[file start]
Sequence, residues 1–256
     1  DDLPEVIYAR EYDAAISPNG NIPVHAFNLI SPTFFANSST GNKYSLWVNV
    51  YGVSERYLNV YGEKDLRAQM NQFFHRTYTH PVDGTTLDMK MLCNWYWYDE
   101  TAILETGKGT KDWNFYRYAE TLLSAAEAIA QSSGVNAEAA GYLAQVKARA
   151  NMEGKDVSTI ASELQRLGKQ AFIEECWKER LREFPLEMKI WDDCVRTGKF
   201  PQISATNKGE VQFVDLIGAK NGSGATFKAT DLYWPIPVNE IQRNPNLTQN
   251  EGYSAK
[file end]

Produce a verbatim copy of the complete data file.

Sequence, residues 1–256
     1  DDLPEVIYAR EYDAAISPNG NIPVHAFNLI SPTFFANSST GNKYSLWVNV
    51  YGVSERYLNV YGEKDLRAQM NQFFHRTYTH PVDGTTLDMK MLCNWYWYDE
   101  TAILETGKGT KDWNFYRYAE TLLSAAEAIA QSSGVNAEAA GYLAQVKARA
   151  NMEGKDVSTI ASELQRLGKQ AFIEECWKER LREFPLEMKI WDDCVRTGKF
   201  PQISATNKGE VQFVDLIGAK NGSGATFKAT DLYWPIPVNE IQRNPNLTQN
   251  EGYSAK